$100 and 48 Hours in Bangkok

Howdy folks. The challenge is back and this time we are spending one night…. In Bangkok! (well, I had to, didn’t I?) Folks, once a month I choose a destination and I imagine what it would be like to spend a weekend there, with only $100 USD to my name and see just how far I can make that money stretch. It’s a challenge I dreamt up a year or probably 2 ago now, with $200 but this year I am exploring cities that don’t cost quite as much, so I’ve halved the money.

Basically, we arrive in Bangkok early on a Saturday morning (flights not included in our meagre budget) and will fly out of Bangkok on Sunday evening. We need accommodation for a single night, but first off we need to get into the city!

Now, the good news on that front is that there is an airport rail link. The first time I went to Bangkok there was nothing of the kind and you had to barter with a taxi driver. Doing some internet research the fare is unclear, but the highest fare is 45 Baht to the city. That’s around $1.40USD so return we are talking $2.80. However, that won’t necessarily get you to exactly where you want to go. I intend to plonk us in the famous and infamous Khao San Road district, 5km according to the interweb, from the nearest metro station. We are going to end up in a few Tuk-Tuks. I can only estimate the fare but I would guess from experience in 2015 and what the internet says that you’d need at least 200 baht with some good bartering or getting them to use the rarely used meter. That’s a fraction over $6. Double that because we need it return, with the train, let’s call from and back to the airport $15. And let’s keep $15USD aside for any trips around Bangkok we might need to take in the infamous tuk-tuk. I’ve used ‘infamous’ twice already! 😊

Next it is time to find us a place to doss, and for sure there are plenty of options around Khao San Road. Khao San Road is THE backpacker haven, if you went back 25 years it was probably the main one worldwide. The road is full of bars, restaurants, tour operators and jewellery/souvenir shops, and in its pre-pandemic heyday, it would be packed at night with backpackers.

You can get all manner of cheap accommodations there, if you are severely frugal you might even get something for $10-$15, however these days I prefer a basic level of comfort. In 1999 I paid LESS than $10 AUSTRALIAN dollars (200 baht at the time) for a single room with a fan and shared facilities. The room was basically a bed and a fan, that’s it, and boy it was HOT. I don’t think I could stay in Bangkok without air conditioning today. But what I have found, and these prices maybe pandemic affected, was a number of pretty nice looking places for around $30USD. At the moment you need to stay your first night in Thailand in an SHA approved hotel. The Jam Hostel is offering what looks like a very clean single room (albeit small) with air conditioning at $30 on Booking dot com – slight discount of a few bucks. But there are plenty of other options in the price range and you could save a few bucks going to another place.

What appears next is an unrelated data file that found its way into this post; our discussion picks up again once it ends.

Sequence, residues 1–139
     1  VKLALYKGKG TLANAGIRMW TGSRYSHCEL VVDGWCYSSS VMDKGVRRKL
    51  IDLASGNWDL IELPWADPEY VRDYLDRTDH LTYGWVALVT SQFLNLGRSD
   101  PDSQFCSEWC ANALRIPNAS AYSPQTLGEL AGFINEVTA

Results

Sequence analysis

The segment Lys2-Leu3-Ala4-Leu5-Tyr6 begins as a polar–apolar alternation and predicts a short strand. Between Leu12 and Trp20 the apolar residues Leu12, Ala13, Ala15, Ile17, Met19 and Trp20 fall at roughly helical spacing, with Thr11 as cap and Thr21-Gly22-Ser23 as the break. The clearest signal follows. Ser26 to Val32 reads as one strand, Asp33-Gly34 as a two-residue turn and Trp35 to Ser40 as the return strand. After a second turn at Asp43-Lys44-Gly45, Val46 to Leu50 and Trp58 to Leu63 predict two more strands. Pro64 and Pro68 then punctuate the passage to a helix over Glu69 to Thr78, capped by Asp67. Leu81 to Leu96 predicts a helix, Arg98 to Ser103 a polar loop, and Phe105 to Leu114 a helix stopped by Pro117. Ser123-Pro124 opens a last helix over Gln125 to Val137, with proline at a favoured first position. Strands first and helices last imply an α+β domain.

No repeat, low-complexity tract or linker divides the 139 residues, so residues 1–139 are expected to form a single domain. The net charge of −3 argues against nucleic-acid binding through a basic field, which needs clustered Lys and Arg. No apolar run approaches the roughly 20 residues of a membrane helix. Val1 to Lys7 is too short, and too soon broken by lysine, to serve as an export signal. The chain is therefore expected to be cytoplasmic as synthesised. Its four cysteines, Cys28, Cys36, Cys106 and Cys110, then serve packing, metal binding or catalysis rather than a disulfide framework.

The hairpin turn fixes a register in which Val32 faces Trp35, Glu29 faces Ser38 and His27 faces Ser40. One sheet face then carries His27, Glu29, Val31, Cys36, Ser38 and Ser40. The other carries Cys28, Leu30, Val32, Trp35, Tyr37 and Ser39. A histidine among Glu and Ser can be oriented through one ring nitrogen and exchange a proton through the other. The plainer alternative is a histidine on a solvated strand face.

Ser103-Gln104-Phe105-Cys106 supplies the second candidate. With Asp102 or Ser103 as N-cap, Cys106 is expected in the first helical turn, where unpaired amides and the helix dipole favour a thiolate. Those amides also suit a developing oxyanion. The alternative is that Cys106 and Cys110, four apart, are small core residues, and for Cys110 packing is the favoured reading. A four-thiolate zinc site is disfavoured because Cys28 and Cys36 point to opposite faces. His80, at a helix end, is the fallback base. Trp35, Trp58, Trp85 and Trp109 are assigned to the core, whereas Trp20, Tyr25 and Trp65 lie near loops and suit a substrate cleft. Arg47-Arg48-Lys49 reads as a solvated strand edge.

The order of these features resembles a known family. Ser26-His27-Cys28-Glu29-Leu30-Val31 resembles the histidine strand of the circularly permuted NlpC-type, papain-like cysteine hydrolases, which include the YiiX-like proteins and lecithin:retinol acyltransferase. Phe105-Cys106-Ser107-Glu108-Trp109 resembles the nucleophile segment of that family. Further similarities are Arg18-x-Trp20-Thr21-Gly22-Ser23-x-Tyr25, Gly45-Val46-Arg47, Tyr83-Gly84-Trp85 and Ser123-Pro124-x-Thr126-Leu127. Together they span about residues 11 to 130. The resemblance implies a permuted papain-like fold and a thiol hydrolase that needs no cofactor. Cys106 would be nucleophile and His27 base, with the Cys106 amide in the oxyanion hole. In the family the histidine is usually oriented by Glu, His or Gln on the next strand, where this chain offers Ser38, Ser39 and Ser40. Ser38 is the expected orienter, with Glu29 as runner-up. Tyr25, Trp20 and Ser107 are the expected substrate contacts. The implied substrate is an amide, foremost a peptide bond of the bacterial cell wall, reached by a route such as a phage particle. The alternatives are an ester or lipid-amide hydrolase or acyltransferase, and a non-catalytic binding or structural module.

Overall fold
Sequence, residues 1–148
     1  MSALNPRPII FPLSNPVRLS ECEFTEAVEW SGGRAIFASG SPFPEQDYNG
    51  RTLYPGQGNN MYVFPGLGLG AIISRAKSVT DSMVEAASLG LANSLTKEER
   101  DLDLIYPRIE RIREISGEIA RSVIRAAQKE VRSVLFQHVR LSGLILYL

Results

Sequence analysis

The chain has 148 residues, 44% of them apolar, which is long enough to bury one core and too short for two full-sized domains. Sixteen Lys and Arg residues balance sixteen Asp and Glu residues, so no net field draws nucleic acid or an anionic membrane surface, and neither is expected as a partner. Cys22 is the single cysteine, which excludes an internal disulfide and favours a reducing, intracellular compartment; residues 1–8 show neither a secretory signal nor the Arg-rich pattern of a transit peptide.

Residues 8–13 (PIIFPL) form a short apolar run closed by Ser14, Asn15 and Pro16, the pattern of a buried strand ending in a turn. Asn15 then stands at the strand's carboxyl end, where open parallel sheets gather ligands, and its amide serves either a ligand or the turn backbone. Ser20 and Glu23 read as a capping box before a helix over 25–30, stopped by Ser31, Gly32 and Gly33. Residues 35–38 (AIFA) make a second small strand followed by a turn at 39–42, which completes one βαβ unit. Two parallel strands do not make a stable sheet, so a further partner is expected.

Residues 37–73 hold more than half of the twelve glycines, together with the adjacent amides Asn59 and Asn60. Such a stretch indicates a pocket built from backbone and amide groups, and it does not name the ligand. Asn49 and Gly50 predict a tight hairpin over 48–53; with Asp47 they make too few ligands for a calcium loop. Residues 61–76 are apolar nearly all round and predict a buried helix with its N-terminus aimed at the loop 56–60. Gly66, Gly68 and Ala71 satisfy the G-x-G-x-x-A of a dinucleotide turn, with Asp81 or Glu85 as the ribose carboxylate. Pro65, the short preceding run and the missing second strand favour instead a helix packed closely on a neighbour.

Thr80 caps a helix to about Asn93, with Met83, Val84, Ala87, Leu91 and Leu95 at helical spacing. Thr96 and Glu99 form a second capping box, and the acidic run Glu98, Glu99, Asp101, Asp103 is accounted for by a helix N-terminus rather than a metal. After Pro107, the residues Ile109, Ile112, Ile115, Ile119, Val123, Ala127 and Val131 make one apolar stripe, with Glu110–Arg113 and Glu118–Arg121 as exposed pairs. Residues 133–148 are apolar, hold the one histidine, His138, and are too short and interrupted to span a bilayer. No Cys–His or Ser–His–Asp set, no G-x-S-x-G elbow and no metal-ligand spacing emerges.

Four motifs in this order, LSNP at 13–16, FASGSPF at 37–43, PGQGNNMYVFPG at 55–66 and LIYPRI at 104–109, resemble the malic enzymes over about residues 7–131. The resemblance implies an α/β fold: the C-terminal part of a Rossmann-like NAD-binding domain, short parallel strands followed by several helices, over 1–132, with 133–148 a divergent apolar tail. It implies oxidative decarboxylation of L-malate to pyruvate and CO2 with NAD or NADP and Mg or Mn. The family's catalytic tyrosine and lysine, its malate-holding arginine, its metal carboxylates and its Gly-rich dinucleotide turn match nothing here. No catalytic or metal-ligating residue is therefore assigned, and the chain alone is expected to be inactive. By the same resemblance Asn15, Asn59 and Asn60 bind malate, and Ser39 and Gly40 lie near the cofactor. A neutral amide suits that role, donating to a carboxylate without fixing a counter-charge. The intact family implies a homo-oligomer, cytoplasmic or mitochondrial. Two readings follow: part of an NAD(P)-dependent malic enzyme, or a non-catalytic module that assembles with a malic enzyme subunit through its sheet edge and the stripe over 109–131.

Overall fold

So we have already spent $65USD! Just like that! The good news with Bangkok is that there are a lot of temples to see – and they are generally free. Food needn’t set you back more than $5 a meal on average. Let’s say $20 for food whilst you are there. If you eat street food, well then you can actually eat for a buck or two, which leaves room from water and drinks. My goodness, we are at $80 already with ONLY $20 to go.

The one paying sight I suggest you see is the Golden Palace. It’s honestly brilliant, makes for wonderful photos and is only around a 20-minute walk from Khao San Road depending on how fast you walk. Obviously. That is around $15USD which leaves you with only 5 buckeroos.

We are going to check out a few temples, as long as they are free, and wander the Chatuchak Market, the biggest market in Bangkok, where you can pick up a cheap-as lunch on either Saturday or Sunday. Bangkok is also famous for floating markets, and you can take a regular river boat (rather than a more expensive tour) on the Chao Praya to get a sense of the city for only a few baht.

At the right time of day you may find Thai dancing at the Erawan Shrine, Wat Mahathat is one of the more well known Bangkok temples and that has free meditation sessions from time to time. An Art gallery (Called the Artist House) in Thonburi has free puppet shows at 2pm every day. Lumpini Park is a large, beautiful park to wile away a bit of time, and at the right time of year you might even catch a concert.

At the Wat Chakrawatrachawat Woramahawihan in China Town, well there are crocodiles in this temple. That sounds worthwhile checking out. Count your fingers afterwards! Not a bad part of town to have a meal! So there is PLENTY in Bangkok to do for free! And in fact you could find a place for $20 and have a bit more money for a beer or two, which is always needed if you’re hovering around Khao San Road.

Much of these things I didn’t even know about despite visiting Bangkok four times. So I know what to check out the next time I’m there! Thanks for reading everyone, hope you are well in your corner of the world, and May the Journey Never End!

4 thoughts on “$100 and 48 Hours in Bangkok

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